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Palliative Care

Palliative Care. Do you know what this is? Is it the same as Hospice? Do you have to be terminal to qualify for Palliative Care? NO and NO.

Palliative care vs. hospice

Palliative care is an “approach that improves the quality of life of patients and their families facing the problem associated with life-threatening illness, through the prevention and relief of suffering by means of early identification and impeccable assessment and treatment of pain and other problems, physical, psychosocial and spiritual.”1 In a nutshell, Palliative Care is for any type of chronic illness, even if you are stable and receiving treatment. Hospice is end of life care – a totally different approach.

The palliative care team

The Palliative Care team members may include a Certified Nurse Practitioner, a Palliative Care physician, social worker, spiritual advisor, physical therapist and many more. There are no time restrictions. Palliative care can be received by patients at any time, at any stage of illness whether it be terminal or not.

Your other doctors focus on your general health or treating your disease or condition. Palliative doctors concentrate on preventing and alleviating suffering, improving your quality of life, and helping you and your loved ones cope with the stress and burden of your illness.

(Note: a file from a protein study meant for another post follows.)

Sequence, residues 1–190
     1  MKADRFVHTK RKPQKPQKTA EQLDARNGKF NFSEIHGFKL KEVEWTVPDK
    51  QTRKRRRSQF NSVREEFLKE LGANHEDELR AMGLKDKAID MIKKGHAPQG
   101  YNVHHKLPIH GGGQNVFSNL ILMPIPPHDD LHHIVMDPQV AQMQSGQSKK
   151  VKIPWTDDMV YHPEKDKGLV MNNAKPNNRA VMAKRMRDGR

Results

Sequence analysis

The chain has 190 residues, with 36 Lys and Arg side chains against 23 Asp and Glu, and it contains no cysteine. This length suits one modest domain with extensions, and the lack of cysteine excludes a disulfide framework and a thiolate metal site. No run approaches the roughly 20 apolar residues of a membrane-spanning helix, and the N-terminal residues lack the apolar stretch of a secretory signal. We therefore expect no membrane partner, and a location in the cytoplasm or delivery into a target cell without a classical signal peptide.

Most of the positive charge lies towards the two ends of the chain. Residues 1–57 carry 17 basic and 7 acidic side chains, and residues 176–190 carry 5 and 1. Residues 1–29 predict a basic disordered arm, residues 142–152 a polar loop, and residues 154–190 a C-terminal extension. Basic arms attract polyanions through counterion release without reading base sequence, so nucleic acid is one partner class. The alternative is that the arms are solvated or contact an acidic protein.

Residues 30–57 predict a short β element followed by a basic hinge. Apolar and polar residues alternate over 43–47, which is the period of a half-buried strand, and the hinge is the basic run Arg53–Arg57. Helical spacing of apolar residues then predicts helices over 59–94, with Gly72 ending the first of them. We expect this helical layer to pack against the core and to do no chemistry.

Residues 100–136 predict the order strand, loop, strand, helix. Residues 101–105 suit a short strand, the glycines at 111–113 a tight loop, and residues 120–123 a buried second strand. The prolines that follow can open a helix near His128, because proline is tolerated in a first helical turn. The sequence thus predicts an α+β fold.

Making sure you receive the best care

The purpose of a Palliative Care team is so that one person/place can coordinate your treatment from all your resources and make sure you are receiving the best and appropriate care. In my case, of course I see my oncologist once a month as I am in active treatment, but I have a Palliative Care nurse come to my home once a month and we review everything that has happened in the past month. She reviews all my medications, especially if there are changes, to make sure there are no interactions. The physician comes every third month to check my progress.

I do suffer from Post Thoracotomy Pain Syndrome and my Palliative Care Doctor prescribes my pain medication and coordinates with the remainder of my medical team. They help manage my pain. They make referrals for other services, for example, social work.

An oncology social worker

A social worker can do many things. My worker was instrumental in helping me set up Medicare when I became eligible for it, she hooked me up with a Life Alert system for times when I am home alone and most important to me, she helped me fill out the paperwork to have my State pay my Medicare premium – that was huge!

Finally, there is no age requirements. A child with a chronic illness may also have Palliative Care. My advice is don’t wait until you think you need it. Ask about it as soon as possible.

This article represents the opinions, thoughts, and experiences of the author; none of this content has been paid for by any advertiser. The team does not recommend or endorse any products or treatments discussed herein. Learn more about how we maintain editorial integrity here.

  1. WHO Definition of Palliative Care. WHO.